Developmental stage: All developmental stages count. For example, eggs, larvae, nymphs and pupae count just the same as adult insects, if they can be confidently identified. Likewise, plants that are not in flower can be counted (even though not everyone chooses to do so). Even seeds can be counted as long as they are alive, which raises the possibility of adding sea beans, nickar nuts and other marine drift seeds if you can find them and get them to germinate.

Aliens: I think this is the area, more than any other, where attempts to make a simple set of rules that can be applied consistently across all taxonomic groups, are doomed to failure! There is a spectrum from native species that have lived in Britain from before the time that humans started to make their mark on the planet, up to alien species that have just been intercepted on arrival at one of our ports. Although I value the true natives above all others, I find the whole spectrum fascinating. So I draw the ‘line in the sand’ to include the majority of aliens as long as they have established, or seem capable of establishing, without deliberate human assistance. I’d count any garden plant that has dispersed and established beyond the garden fence. I’d count any invertebrate that has established, even if only in highly man-modified environments (e.g. only in warehouses or heated greenhouses). But I wouldn’t count any of the invertebrates that you can occasionally find in your groceries but which are unlikely to be able to survive here unaided.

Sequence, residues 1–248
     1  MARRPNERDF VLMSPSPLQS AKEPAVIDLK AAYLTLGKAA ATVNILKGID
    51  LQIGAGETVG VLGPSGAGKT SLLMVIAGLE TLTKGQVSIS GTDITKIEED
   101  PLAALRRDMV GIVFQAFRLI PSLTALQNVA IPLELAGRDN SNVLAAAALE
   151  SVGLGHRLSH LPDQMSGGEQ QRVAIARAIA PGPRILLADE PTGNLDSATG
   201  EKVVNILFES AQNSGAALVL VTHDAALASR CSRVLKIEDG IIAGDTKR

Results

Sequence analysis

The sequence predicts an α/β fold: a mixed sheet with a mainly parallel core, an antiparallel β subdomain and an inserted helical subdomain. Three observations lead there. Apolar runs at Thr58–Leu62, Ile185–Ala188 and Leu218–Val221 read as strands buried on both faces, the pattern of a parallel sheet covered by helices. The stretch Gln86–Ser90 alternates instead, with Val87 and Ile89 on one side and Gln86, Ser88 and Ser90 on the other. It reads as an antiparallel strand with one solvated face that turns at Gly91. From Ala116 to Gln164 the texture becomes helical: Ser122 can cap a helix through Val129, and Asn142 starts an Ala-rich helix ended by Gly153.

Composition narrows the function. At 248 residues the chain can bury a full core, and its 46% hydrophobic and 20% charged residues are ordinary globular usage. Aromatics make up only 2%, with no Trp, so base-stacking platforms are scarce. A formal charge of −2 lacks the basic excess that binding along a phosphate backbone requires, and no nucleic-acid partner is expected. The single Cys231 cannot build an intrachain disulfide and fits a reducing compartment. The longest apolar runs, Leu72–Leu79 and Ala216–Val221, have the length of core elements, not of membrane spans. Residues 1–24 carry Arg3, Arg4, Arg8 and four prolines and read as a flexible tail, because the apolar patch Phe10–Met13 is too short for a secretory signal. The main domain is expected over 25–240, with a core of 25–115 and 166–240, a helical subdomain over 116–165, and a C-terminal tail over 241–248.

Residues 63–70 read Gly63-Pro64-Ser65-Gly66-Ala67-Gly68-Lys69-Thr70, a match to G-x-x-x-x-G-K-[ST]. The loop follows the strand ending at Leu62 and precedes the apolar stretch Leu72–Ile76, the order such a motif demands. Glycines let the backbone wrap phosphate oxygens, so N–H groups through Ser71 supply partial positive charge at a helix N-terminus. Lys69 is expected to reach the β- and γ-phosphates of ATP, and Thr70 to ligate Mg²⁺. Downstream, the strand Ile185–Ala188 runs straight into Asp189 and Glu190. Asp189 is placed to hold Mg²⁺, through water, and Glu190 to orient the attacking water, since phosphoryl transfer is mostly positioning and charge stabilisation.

Hybrids: Ordinarily, interspecific hybrids are evolutionary dead-ends with little or no fertility: not countable. But amongst plants at least, there are numerous species which have a hybrid origin, usually formed by polyploid hybrid speciation. Pan-species listers won’t want to count a hybrid unless it can reproduce and persist in the absence of one or both parent species. The wording “one or both” is deliberately chosen: Edible Frogs and various Sorbus species are countable but have a hybrid origin and need reproductive contact with one of the parent species to be able to reproduce themselves. In practice, it’s not always easy to determine whether a hybrid plant is countable or not. Dave Gibbs suggests that as a rule of thumb, any hybrid that is normally known by its own name is a countable one (e.g. Viola x wittrockiana, Garden Pansy) whereas any that is normally known by the combination of both parents is not countable (e.g. Viola riviniana x V. reichenbachiana, the hybrid of Common and Early Dog-violets).